While the fear is understandable, in my opinion, acting conservatively does not solve the problems and there are better ways to solve them rather than executing all contracts in dual languages format. First, we should refer to Article 40 of Law 24/2009 which stipulates that the use of Indonesian language will be further stipulated in Presidential Regulations. I appreciate the fact that the provisions of Law 24/2009 are still valid even without those Presidential Regulations. However, it also indicates that the provisions of this Law is not yet complete, which in fact is true. As a matter of Indonesian legal principle, when the text of the law is not clear, parties to a contract should not interpret the law for the detriment of any of the parties. If a party tries to annul a contract due to failure of using Indonesian language where each party to that contract is aware that having such Indonesian version would most probably cause adverse effect, it shows that such party has bad faiths and in my opinion the court should not grant the claim. After all, why forcing the parties to use Indonesian language if it does not give any clear benefit to them?

Second, Law 24/2009 does not provide for any sanction for failure to comply with the above requirements, and it is arguable under the general Indonesian legal principle that when a law provision does not have any sanction (or the sanctions are merely administrative), the failure of performing such provision cannot affect the validity of a legal act, i.e. the contract. This has been made clear in a famous landmark case where the Supreme Court decided that the failure of submitting a report on foreign loan (which is an administrative requirement under Bank Indonesia regulations) cannot be used as a valid reason to annul a credit agreement made between an Indonesian debtor and foreign creditors. While I understand that there is a previous case on the similar matter where the credit agreement was annulled, the latter precedent should prevail since it is in accordance with the correct interpretation of law and is closer to fairness, i.e. it is completely ridiculous and unfair to the creditors to invalidate a credit agreement due to the failure of the debtor to submit some administrative reports.

Therefore, I would suggest that in case a contract involves Indonesian and foreign parties, the parties should not execute a dual languages contract without first performing a complete analysis on the advantages and risks of having such format. Suppose they conclude that having a dual languages contract is not a viable option, I would suggest them to insert a clause stating that they have agreed to execute the contract in non-Indonesian language and that they will execute an Indonesian language version of the contract when the implementing regulations clearly oblige them to do so. This mechanic would be useful to prevent any party having bad faiths from trying to annul the contract.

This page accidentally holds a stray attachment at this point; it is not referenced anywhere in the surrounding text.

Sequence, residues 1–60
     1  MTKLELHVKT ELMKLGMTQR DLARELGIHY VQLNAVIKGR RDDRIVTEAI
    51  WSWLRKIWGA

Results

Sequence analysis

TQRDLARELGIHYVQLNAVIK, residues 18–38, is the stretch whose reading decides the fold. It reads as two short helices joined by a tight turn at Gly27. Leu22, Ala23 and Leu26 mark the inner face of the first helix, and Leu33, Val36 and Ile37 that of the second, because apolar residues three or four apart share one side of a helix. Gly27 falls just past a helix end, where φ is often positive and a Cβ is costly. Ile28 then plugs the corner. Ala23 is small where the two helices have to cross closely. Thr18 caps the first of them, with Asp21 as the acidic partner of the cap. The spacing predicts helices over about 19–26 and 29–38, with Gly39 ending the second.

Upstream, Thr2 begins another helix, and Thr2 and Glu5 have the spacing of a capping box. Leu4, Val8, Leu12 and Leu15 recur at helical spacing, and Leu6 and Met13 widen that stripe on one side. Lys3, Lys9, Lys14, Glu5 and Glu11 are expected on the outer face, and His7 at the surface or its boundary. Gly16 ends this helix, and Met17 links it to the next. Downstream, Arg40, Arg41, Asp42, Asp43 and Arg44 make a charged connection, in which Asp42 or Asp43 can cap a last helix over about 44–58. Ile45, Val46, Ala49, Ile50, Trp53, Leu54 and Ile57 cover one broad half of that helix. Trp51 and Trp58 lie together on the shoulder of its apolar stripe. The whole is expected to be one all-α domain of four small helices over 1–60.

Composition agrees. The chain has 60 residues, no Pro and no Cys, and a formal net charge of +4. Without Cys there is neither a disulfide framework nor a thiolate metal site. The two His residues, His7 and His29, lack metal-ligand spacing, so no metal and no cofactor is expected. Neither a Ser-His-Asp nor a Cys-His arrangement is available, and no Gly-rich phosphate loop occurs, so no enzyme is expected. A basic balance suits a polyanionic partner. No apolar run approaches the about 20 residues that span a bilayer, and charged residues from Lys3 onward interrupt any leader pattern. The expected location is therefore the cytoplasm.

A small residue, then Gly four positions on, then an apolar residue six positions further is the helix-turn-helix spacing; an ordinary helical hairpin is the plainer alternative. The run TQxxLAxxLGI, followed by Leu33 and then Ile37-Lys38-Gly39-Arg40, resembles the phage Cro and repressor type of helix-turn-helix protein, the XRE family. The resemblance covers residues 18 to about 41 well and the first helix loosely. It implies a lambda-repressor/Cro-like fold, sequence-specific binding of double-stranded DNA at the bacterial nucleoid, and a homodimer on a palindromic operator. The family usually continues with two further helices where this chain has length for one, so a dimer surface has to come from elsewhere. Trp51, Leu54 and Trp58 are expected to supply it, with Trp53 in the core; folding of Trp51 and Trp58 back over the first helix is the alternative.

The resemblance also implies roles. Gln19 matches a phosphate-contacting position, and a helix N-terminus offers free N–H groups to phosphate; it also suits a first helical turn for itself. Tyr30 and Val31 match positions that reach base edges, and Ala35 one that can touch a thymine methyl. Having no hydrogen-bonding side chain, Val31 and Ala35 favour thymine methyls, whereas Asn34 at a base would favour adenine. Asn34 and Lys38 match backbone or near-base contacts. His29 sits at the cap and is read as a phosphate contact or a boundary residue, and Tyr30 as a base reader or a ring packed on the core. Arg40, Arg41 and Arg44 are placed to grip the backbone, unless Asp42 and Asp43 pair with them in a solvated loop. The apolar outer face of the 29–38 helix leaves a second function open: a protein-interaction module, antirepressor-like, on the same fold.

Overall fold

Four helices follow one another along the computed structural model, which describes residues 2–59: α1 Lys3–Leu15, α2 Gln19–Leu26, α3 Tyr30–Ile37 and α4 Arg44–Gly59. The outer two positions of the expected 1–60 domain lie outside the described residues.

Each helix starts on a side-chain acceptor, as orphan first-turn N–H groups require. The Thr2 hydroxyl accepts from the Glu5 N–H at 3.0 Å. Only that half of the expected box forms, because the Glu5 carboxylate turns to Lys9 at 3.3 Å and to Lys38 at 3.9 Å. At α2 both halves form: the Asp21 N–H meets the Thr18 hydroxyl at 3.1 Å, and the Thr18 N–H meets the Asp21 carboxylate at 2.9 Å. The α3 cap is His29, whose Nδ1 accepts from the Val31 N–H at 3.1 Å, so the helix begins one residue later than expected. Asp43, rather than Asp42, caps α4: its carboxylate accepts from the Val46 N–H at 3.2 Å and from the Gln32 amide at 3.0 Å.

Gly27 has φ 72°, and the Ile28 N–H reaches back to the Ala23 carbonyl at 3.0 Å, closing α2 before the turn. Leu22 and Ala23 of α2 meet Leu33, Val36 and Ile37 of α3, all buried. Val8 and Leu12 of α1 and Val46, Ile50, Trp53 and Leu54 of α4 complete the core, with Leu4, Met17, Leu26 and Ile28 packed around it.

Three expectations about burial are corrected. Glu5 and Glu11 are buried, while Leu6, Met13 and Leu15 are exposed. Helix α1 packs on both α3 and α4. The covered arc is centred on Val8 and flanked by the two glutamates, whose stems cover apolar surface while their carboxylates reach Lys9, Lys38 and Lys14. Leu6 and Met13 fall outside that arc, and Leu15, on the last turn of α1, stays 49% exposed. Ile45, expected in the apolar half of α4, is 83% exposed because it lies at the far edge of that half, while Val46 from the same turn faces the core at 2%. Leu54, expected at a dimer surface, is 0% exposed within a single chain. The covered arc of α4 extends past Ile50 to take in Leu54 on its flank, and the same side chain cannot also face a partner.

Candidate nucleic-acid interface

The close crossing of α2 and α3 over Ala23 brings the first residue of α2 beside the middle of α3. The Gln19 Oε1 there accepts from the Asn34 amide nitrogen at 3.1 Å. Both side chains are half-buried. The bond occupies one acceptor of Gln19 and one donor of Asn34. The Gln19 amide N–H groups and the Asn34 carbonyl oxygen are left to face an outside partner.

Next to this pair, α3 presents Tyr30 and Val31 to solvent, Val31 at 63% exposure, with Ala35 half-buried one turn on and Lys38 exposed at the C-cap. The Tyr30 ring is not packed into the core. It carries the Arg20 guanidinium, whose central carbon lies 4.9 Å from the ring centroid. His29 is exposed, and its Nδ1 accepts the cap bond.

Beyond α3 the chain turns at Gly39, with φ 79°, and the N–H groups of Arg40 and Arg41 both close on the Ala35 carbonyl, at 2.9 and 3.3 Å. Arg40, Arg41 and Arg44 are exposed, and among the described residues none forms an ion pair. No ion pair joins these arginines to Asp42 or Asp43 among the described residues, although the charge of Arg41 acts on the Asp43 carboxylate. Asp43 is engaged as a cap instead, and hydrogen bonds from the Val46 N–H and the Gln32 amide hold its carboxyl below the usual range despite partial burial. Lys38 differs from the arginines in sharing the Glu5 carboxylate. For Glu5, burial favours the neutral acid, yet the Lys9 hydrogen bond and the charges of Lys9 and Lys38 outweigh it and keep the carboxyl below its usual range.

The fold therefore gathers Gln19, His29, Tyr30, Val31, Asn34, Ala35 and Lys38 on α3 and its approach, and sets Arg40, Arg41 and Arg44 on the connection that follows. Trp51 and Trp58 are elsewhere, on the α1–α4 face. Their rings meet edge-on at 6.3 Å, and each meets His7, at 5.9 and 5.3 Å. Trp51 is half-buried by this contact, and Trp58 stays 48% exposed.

On the "equally original" phrase, my suggestion is that the Parties involved must also insert a clause concerning governing language. It is indeed unclear on whether the equally original means that each language should be deemed as applicable. However, when in doubt, the Parties should not use an interpretation that harms them. In addition, why don't we refer to the freedom of contract principle? The Parties should be able to agree on the governing language of the contract, and therefore eliminating any risks to have misleading or incorrect terms. However, the main question would be: if the Parties execute the Indonesian language contract for the sake of complying with Law 24/2009 and the governing language of such Contract is non-Indonesian, what is the purpose of having an Indonesian version in the first place? Is not this a waste of time and money? The Government should answer this big question.

In the end, we can conclude that the existence of Law 24/2009 brings more problems than benefits in practice, particularly in relation to the use of Indonesian language. While, we can argue and use several solutions to solve the issues brought by Law 24/2009, it should be noted that there are no bullet proof mechanisms here. The courts could always have a different interpretation. So, let us hope that the Government can give us a better solution through the implementing regulations and the courts can decide based on the correct and fair interpretation of the law while we are waiting for the implementing regulations.

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Monday, November 02, 2009

Bringing Indonesian Islamic Finance to a New Level: A Review on the New VAT Law